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|Author: Gustave Dore|
|Landscape, Painting, Oil on copperplate, 109x169.5 cm|
|Origin: France, 1878|
Dore is best known today for his book illustrations, but he himself was most committed to his work as a painter. In 1873-1874 he visited Scotland, which inspired him to produce a number of landscapes, including this depiction of a steep gorge. This is a typical example of late Romanticism, a grandiose panoramic mountain landscape, its vast scale indicated by the tiny trees and animals on the slopes. Amazed by the cruel beauty and majesty of the northern landscape, Dore captured this wild, uninhabited region, full of danger for man. He introduced that note of disturbance by filling the sky with gloomy, huddled clouds, wrapped around the top of the hill. The many layers of the mountain relief is emphasised by the splashing river which winds its way between the boulders and the alternation of illuminated and shaded areas. The solid treatment of forms in the foreground and the soft outline of the mountain tops on the horizon reinforce the effect of spacial depth. The colour scheme is built up of a harmonious combination of olive-green, yellowish-brown and greyish-blue tones.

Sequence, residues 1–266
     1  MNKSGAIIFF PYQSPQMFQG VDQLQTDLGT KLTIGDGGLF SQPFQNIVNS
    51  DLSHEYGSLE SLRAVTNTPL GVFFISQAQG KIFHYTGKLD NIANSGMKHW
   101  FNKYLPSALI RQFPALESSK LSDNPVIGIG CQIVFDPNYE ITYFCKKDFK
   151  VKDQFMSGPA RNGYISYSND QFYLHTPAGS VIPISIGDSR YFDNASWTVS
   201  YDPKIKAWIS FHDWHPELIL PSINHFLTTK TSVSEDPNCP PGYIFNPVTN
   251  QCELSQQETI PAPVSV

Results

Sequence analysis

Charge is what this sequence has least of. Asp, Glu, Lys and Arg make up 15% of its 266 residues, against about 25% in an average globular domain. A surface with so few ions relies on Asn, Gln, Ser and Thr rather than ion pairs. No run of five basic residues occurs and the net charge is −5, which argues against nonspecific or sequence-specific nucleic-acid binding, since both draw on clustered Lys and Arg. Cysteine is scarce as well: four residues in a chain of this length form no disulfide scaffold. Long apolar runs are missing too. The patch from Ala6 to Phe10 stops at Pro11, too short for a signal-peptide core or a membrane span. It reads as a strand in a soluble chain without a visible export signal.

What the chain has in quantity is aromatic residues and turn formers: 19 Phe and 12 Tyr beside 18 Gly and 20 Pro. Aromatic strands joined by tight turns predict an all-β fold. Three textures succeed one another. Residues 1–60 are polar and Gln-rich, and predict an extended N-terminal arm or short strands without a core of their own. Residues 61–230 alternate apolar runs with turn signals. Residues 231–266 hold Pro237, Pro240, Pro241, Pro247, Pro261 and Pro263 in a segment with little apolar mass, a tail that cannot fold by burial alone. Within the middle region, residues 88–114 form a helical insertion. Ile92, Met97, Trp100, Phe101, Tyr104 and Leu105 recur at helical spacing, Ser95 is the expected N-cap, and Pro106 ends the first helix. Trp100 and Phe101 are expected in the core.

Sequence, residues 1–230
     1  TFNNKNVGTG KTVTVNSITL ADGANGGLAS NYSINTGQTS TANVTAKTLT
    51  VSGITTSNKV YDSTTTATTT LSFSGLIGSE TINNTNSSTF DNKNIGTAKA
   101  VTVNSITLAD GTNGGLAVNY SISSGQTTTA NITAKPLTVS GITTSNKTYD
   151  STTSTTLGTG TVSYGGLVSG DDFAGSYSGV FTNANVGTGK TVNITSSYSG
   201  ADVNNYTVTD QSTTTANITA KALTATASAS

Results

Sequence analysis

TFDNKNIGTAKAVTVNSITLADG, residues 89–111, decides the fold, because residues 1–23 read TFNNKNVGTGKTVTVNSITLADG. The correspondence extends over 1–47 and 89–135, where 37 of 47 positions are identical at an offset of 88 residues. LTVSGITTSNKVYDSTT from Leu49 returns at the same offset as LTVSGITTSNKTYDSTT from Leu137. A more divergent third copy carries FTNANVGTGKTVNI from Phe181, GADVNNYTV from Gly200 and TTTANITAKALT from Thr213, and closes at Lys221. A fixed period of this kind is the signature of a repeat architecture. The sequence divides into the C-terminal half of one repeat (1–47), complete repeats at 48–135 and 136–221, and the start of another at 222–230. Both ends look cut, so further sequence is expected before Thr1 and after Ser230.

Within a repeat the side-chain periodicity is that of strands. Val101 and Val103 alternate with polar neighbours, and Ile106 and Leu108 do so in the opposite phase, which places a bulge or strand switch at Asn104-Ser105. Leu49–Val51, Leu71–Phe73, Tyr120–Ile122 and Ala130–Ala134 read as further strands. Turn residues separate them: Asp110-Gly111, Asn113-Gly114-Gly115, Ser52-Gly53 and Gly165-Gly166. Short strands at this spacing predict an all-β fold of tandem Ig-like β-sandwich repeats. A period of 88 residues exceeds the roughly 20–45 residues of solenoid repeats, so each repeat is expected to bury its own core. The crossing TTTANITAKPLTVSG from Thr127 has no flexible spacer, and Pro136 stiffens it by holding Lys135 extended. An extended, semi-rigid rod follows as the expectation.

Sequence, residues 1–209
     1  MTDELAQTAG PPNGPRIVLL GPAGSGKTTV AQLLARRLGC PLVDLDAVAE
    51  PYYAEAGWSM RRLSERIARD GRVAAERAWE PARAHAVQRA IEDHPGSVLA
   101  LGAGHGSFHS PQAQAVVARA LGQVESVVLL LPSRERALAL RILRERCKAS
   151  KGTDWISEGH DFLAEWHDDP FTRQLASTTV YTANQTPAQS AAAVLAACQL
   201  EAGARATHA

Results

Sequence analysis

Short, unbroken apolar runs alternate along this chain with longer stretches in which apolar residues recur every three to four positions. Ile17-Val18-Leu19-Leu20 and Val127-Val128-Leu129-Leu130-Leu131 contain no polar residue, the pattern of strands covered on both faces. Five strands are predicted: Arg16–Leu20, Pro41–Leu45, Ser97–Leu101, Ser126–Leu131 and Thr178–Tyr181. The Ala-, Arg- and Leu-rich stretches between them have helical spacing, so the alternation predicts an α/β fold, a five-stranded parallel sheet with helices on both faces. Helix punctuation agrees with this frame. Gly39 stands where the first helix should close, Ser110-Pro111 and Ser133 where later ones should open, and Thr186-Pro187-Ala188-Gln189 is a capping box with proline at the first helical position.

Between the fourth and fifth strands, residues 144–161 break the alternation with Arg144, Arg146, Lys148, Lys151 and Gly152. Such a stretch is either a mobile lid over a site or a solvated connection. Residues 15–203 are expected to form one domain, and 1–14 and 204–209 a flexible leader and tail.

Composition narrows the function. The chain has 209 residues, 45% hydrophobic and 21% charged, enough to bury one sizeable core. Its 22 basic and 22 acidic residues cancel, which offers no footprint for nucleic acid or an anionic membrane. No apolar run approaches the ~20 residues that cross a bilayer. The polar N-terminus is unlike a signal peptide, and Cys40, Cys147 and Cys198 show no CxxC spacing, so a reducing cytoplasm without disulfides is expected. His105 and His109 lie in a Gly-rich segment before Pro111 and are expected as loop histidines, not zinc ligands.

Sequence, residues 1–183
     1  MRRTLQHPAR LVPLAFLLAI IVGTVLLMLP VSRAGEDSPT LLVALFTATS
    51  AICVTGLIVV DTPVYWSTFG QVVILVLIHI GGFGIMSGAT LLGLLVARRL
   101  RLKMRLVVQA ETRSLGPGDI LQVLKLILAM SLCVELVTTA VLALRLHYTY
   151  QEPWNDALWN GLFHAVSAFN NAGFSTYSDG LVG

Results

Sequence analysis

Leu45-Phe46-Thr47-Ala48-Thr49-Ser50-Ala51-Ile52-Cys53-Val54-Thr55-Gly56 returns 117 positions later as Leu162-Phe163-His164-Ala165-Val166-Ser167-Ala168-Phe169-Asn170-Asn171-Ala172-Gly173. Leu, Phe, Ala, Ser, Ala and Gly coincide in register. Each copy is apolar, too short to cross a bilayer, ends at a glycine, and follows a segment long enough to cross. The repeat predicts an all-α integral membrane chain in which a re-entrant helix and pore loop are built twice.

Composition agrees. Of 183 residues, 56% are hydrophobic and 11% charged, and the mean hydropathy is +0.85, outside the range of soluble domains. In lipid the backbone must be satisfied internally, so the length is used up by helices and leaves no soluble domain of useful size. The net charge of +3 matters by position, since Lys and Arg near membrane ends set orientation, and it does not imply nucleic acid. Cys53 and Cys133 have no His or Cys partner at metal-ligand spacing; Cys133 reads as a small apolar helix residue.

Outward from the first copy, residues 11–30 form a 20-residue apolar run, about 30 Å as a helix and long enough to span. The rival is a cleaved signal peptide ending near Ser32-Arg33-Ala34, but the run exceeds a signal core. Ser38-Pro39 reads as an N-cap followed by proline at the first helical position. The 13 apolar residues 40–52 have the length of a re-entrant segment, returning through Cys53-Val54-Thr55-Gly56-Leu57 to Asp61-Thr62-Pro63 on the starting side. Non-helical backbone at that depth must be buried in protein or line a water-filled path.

|Source of entry: 1920|
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